A federal judge should not allow prosecutors to use statements that an ex-South Carolina police officer gave to investigators about shooting an unarmed driver who ran from a traffic stop because authorities lied about a video of the killing, defense lawyers say.
Those same lawyers also said in a flurry of motions on Friday the video itself should not be shown to jurors.
Prosecutors asked in their motions to stop defense lawyers from mentioning police officers who die in the line of duty or suggesting jurors can send a message about the treatment of police through a not guilty verdict.
Michael Slager only spoke to state investigators three days after the April 2015 shooting on the advice of his first lawyer, who asked agents if there was any video of the shooting and was told there wasn’t, defense lawyer Andy Savage wrote in a brief filed Friday.
Slager goes on trial in May in federal court for violating Walter Scott’s civil rights by shooting and killing the black man after pulling him over for a broken brake light. Meanwhile, state prosecutors have promised a retrial on a murder charge after Slager’s state trial ended in a hung jury.
Before recommending he talk to State Law Enforcement Division agents, Slager’s first lawyer, David Aylor, asked if there was any video or evidence from the coroner about where Scott was shot to guide his advice.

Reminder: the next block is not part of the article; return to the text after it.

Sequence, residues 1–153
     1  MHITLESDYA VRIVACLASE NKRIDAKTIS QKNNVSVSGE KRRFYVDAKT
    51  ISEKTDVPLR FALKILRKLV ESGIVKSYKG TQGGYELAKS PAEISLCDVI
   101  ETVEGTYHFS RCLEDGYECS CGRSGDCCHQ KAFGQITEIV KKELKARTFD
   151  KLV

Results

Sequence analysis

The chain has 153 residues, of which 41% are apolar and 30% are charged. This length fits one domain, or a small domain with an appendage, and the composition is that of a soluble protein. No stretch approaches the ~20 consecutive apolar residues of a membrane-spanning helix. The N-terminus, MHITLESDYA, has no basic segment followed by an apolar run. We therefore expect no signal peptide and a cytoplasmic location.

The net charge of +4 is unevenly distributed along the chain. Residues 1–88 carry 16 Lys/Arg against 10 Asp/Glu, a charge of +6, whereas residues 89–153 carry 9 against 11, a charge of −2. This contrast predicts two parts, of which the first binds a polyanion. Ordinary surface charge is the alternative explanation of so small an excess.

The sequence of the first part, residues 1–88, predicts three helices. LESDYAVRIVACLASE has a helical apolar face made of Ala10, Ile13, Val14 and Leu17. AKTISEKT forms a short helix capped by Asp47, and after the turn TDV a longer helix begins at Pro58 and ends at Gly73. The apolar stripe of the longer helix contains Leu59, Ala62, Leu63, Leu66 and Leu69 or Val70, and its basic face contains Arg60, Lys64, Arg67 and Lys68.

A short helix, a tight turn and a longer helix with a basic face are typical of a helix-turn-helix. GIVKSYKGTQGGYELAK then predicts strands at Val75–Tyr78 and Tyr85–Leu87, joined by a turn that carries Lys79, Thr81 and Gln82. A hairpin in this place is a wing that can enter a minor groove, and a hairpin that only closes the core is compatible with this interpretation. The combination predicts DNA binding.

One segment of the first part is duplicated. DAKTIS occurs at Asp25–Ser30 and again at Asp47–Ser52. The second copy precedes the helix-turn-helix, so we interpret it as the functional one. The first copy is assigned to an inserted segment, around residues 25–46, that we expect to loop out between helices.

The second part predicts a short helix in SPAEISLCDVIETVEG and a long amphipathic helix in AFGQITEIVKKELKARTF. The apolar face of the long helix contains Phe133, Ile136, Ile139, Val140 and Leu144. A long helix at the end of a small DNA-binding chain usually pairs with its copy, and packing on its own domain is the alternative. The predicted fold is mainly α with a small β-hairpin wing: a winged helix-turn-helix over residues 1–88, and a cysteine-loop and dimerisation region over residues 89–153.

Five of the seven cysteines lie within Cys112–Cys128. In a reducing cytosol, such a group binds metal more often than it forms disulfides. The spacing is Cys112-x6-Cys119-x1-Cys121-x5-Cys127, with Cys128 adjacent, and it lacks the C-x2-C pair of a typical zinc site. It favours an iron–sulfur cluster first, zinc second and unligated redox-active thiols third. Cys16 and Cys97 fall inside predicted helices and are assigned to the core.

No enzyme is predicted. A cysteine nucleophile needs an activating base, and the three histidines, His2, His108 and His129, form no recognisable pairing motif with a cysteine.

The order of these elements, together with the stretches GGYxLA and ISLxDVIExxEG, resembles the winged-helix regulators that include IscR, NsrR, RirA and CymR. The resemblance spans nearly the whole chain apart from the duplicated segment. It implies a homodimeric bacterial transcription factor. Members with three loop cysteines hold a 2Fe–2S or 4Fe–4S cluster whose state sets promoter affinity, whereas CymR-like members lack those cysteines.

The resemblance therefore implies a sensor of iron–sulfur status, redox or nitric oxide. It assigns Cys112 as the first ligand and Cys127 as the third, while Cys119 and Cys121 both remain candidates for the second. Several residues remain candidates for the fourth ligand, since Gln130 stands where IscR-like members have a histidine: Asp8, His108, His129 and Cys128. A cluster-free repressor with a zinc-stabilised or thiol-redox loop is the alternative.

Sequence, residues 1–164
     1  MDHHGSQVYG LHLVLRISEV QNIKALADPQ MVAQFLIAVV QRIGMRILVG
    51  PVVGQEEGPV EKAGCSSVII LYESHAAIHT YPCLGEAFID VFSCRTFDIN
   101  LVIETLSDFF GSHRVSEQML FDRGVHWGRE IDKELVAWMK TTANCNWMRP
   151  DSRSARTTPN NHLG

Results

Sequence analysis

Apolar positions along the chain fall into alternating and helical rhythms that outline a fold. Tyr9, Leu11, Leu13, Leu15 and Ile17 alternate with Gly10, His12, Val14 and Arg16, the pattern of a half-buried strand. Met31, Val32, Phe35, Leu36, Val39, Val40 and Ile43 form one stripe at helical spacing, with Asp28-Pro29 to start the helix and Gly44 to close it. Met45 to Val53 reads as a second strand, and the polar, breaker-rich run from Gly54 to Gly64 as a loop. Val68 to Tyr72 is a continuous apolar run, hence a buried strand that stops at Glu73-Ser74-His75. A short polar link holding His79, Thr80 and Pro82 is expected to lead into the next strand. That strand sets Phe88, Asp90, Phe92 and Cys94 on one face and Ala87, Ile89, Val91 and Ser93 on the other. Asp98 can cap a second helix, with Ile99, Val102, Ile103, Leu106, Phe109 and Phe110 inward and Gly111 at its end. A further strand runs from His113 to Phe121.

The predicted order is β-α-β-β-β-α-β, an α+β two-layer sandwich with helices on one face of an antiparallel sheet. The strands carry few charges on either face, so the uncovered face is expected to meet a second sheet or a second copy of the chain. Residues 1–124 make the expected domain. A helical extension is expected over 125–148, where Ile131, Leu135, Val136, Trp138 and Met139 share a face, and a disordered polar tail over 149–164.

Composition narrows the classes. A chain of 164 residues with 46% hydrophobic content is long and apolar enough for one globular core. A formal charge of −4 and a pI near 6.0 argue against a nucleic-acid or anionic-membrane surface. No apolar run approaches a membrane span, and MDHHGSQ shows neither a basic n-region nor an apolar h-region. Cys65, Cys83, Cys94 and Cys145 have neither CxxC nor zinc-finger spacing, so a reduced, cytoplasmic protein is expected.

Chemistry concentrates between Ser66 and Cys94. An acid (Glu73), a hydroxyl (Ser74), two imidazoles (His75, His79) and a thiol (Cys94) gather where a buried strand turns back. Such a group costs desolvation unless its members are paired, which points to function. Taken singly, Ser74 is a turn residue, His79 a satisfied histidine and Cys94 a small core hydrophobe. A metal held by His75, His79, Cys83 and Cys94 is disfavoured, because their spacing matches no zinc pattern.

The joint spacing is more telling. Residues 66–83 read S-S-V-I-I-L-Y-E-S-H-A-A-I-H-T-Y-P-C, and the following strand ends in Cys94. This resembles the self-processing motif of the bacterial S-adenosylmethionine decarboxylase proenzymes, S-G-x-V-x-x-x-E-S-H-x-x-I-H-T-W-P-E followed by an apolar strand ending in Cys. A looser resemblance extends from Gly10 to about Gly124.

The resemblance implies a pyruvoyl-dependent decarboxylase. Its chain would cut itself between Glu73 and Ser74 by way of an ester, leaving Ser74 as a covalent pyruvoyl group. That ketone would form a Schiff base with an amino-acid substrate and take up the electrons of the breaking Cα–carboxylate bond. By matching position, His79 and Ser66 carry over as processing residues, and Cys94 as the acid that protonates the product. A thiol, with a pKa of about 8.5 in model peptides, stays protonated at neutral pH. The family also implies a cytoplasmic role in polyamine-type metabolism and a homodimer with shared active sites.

Prosecutors said a SLED agent gave a vague answer. But in an email to Savage, Aylor said she “wasn’t vague. She lied.”
Savage doesn’t want jurors to see the video of the shooting made by a bystander and broadcast worldwide. He said it doesn’t show the entire encounter between Slager and Scott, including how Scott took Slager’s Taser and tried to shock him with it, making the officer fear for his life.
A judge at Slager’s state trial ruled the video could be presented as evidence. He also ruled police are allowed to be deceptive with suspects and attorneys when they question them, as long as they inform them of their rights.
At last year’s trial, prosecutors noted that Slager’s statements were contradicted by the bystander video. The video showed Slager, who is white shoot several times at Scott’s back as he ran away.
Prosecutors on Friday asked the judge to prevent defense lawyers from presenting evidence that Slager was a good officer before the shooting. They also don’t want the defense to introduce evidence of low staffing in the North Charleston police department.
Slager’s lawyers presented that type of evidence in the state trial.
In all, 11 motions were filed Friday, including a defense motion asking for permission to file more motions if needed.
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